- Increasing public understanding of pests and pesticide risk as well as demand for sustainable approaches to pest control
Pesticide Environmental Stewardship Program (PESP)
Pesticide Environmental Stewardship Program Brochure (print version, 2 pp, 2MB)
Mission: To reduce pesticide risk in both agricultural and non-agricultural settings through public-private partnerships that promote IPM.
Established in 1994, PESP is a voluntary membership and grants program that works with the nation’s pesticide-user community to reduce human health and environmental risks associated with pesticide use. PESP and its sub-initiatives promote the adoption of innovative, alternative pest control practices such as IPM. PESP is guided by the principle that voluntary programs complement the standards and decisions established by regulatory and registration actions. The informed actions of pesticide users can further reduce the risks from pests and pesticides by playing a major role in ensuring human health and environmental safety.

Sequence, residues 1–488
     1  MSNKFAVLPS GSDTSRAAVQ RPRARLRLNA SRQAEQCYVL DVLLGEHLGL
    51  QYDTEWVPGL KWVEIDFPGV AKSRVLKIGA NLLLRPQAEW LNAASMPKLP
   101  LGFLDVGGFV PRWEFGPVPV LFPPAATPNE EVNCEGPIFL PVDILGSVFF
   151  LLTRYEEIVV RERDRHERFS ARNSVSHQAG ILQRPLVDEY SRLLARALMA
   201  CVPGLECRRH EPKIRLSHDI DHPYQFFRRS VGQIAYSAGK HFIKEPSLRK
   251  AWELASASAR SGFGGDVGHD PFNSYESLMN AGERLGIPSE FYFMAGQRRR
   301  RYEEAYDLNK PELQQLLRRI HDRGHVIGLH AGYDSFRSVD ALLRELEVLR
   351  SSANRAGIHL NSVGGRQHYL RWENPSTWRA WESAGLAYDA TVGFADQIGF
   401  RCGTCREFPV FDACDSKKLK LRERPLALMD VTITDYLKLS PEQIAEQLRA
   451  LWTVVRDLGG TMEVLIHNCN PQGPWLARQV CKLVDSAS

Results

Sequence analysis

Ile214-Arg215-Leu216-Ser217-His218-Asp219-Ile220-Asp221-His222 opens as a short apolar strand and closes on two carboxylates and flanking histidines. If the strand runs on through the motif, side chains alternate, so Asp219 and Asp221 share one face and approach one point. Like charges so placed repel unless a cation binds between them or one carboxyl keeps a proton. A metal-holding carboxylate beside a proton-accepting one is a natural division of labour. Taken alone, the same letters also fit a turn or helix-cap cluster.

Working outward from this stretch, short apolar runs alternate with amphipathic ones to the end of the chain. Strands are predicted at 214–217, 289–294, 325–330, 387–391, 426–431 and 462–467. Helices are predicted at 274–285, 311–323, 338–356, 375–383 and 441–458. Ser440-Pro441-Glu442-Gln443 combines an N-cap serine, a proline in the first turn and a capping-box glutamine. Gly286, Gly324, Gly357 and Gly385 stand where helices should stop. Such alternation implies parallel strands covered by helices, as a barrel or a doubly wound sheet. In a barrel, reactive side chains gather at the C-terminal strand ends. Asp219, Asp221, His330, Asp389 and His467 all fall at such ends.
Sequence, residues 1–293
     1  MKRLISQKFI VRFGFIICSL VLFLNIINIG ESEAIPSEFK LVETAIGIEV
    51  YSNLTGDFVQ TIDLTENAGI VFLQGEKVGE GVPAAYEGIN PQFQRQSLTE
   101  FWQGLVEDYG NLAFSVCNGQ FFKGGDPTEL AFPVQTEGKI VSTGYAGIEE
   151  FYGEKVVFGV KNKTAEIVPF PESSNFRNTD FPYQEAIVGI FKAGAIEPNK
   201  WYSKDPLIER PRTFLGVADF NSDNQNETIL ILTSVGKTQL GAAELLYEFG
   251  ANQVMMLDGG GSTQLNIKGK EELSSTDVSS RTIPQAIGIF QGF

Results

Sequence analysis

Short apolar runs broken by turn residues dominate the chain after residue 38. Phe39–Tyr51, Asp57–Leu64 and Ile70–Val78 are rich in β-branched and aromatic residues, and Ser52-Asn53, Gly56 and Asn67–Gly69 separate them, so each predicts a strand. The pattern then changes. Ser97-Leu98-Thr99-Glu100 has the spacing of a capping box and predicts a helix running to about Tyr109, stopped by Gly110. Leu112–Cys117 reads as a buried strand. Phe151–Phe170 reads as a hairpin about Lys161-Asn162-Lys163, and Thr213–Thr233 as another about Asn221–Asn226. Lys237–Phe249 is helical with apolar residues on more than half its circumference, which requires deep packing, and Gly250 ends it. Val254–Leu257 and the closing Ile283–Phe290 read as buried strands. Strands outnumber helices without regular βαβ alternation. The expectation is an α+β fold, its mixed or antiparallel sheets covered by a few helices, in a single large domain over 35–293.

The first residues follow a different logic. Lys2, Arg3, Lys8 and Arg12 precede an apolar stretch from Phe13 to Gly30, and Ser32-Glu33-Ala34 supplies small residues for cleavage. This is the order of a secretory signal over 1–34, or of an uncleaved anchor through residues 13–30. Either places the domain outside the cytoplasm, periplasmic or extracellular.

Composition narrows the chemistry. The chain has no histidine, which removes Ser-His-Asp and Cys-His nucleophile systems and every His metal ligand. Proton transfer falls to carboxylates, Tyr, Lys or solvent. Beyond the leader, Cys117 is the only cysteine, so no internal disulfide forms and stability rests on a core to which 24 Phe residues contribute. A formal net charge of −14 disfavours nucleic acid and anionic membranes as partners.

PESP Initiative: Integrated Pest Management (IPM) in Schools Program
Mission: To reduce the risk of pests and pesticides to children by implementing IPM in schools.
The IPM in Schools Program aims to reduce the risk that pesticide exposure poses to children and school employees by promoting sensible applications of pesticides around schools. It is a national partnership effort to make safe and effective pest management a standard practice in all of our nation’s schools. IPM in Schools Program partners aim to:
- Make schools safer by decreasing pest and pesticide risks
- Increase the number of schools adopting verifiable IPM
- Make schools inaccessible to and uninhabitable by pests
- Increase IPM awareness among school districts, school staff, parents, and students
PESP Initiative: Landscaping Initiative
Landscaping Initiative Brochure (print version, 2 pp, 3MB)
Mission: To reduce risk by encouraging environmentally responsible lawn and landscape management practices.